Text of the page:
“The Capital Market . . . is Essentially Totalitarian”

This started out as a comment on Don’s recent post on Hamilton (for which I second or third — the praise). Totting up the word count when I finally lifted my head, I realised it was an absurdly long piece to tack onto a comments thread. In any case, the points I wanted to take up were quite different to those on which Don focused. All of which is to explain (or possibly apologise) to Troppodillians for burdening you with another thread on The Freedom Paradox.

My interest was prompted by Pete Hay’s review of the book (which I haven’t yet read, by the way) in the latest Monthly. He found much to admire (I’ll come back to that) but was, if anything, even less impressed than Don with Hamilton’s journey into German metaphysics.

All very confusing, and more trouble, I think, than it’s worth. In the middle of the book, Hamilton establishes “compassion” and “the will to justice” as the touchstones of his practical ethics, and these thread prominently through the subsequent sections of the work. But we do not need German metaphysics to establish a basis for such principles as informants of a moral life. Indeed, it is hard to see how any necessary connection can be made between the practical prescriptions of a moral life and an elusive and insubstantial universal essence.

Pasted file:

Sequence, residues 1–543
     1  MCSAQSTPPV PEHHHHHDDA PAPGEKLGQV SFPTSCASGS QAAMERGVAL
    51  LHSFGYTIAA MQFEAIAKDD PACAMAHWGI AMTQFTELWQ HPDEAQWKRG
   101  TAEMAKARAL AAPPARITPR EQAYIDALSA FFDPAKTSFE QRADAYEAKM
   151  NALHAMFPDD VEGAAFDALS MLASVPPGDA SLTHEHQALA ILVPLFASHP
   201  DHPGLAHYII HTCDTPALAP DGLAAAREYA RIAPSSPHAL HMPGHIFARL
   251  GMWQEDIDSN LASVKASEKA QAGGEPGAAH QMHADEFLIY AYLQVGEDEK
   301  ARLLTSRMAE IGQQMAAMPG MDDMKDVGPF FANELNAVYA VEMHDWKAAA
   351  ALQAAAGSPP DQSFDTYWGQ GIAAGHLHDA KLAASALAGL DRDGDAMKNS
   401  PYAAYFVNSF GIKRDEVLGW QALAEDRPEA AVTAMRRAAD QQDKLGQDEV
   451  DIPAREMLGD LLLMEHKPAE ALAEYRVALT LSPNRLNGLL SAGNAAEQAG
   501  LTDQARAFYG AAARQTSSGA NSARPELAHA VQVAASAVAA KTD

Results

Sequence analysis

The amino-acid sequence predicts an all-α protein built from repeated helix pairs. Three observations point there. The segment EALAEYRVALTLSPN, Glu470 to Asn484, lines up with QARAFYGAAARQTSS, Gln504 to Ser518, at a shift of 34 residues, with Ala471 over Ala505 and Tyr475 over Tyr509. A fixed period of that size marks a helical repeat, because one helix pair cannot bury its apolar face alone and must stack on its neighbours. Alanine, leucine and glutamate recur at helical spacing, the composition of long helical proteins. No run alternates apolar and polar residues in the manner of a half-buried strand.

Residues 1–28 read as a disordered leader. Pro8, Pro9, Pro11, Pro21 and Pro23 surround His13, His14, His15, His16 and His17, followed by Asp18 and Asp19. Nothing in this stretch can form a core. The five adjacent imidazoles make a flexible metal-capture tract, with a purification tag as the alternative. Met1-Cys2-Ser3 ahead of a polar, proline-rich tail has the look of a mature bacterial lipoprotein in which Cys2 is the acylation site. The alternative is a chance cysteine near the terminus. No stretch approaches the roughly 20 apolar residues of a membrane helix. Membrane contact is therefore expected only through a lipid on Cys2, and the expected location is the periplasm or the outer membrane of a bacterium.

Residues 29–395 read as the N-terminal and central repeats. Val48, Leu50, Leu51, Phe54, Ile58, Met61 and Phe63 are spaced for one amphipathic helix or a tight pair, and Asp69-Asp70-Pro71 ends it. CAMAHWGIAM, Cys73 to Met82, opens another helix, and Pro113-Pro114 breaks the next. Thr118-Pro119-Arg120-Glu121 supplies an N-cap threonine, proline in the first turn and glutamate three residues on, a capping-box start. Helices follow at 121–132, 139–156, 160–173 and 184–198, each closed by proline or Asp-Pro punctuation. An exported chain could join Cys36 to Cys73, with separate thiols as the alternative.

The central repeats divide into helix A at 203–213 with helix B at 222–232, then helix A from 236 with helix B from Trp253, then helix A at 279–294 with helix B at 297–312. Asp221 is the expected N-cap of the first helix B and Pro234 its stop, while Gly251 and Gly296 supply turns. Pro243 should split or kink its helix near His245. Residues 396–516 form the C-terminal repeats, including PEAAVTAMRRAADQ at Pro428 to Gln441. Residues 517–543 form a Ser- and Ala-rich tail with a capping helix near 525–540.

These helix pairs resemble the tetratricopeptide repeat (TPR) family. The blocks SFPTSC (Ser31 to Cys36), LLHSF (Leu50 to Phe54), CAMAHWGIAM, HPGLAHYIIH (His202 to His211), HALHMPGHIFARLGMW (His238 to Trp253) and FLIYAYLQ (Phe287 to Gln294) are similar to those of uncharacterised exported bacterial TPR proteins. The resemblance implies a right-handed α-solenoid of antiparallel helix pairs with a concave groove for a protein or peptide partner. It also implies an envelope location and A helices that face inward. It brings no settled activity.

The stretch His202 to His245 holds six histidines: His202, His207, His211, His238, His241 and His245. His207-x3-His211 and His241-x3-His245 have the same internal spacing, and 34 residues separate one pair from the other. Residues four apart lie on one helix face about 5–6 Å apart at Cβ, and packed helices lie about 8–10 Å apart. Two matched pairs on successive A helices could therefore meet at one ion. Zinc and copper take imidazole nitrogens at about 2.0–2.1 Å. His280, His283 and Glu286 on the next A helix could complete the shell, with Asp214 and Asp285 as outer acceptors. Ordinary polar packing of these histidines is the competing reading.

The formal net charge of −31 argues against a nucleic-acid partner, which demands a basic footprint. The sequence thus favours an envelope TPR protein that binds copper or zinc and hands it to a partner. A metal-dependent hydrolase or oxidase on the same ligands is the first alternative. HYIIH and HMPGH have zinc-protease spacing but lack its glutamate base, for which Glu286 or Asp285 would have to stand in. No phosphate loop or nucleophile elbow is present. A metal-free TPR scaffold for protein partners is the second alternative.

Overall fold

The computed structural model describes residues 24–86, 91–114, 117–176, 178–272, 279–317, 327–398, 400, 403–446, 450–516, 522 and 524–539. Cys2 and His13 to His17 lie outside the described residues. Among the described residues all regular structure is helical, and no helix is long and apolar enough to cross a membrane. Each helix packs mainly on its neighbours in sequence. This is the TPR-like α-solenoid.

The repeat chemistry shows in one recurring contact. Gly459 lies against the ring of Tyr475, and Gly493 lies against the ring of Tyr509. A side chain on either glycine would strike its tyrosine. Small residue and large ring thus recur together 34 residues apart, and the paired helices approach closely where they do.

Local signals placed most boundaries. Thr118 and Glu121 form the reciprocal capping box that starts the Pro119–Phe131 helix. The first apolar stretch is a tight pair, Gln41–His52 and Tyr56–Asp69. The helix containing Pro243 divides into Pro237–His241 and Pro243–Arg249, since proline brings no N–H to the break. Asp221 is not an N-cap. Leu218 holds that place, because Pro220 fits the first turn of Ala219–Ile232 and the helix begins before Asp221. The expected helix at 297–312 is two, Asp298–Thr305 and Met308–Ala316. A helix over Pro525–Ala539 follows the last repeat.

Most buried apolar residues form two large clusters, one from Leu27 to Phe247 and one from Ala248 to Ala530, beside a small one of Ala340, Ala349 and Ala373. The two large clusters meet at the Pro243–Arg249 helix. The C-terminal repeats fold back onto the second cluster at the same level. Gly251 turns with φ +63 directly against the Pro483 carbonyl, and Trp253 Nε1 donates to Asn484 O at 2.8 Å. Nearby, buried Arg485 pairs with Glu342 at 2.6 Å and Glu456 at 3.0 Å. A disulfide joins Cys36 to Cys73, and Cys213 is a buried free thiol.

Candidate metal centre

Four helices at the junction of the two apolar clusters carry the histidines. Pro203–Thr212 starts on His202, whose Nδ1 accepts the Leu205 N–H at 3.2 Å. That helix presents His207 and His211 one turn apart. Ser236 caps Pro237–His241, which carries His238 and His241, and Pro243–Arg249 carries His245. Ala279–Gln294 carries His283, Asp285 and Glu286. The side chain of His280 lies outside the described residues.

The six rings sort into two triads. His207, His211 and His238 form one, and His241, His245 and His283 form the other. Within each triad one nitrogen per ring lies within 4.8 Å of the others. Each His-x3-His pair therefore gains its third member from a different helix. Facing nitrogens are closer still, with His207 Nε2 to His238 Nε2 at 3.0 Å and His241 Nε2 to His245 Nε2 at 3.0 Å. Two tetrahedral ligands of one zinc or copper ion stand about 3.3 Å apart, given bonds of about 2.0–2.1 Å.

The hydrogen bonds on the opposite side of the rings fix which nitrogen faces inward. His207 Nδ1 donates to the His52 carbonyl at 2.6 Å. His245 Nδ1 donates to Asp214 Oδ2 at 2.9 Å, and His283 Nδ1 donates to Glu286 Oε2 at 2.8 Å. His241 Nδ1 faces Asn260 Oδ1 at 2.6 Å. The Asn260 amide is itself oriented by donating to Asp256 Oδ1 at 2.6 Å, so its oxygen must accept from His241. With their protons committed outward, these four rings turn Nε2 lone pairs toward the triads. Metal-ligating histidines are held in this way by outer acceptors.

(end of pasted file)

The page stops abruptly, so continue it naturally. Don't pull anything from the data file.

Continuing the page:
Like Hay, I have no trouble with Hamilton’s view that neither inner freedom nor happiness are likely be found in shopping, or materialism more generally. That instead, in Hamilton’s words (via Hay’s review): ” . . . we are free only when we act according to goals and principles that we have given ourselves.” Mind you, these are hardly controversial notions. Everyone from Buddha to Christ to the author of Chicken Soup for the Soul would endorse them. What did raise an eyebrow, though, is Hay’s readiness (and, to judge from the quotes in the review, Hamilton’s) to lay the blame for our unenlightened state on the market, or capitalism, or even liberal philosophy.